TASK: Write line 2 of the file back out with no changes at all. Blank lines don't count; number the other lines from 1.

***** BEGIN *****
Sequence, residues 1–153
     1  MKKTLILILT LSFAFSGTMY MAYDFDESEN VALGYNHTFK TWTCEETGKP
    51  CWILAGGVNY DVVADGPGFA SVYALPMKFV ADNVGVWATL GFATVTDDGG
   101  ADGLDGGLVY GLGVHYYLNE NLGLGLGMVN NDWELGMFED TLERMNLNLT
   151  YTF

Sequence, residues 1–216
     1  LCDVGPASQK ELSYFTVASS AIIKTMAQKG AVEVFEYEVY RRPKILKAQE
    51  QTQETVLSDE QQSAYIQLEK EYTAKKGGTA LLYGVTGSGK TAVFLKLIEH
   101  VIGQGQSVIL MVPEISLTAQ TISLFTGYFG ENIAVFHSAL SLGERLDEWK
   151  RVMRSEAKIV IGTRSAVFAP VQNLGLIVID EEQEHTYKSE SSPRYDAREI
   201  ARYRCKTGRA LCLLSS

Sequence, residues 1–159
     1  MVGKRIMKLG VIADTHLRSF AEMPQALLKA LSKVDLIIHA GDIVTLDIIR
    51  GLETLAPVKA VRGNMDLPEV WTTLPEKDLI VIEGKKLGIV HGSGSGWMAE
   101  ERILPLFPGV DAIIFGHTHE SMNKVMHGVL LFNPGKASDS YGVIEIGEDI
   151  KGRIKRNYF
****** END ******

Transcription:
     1  MKKTLILILT LSFAFSGTMY MAYDFDESEN VALGYNHTFK TWTCEETGKP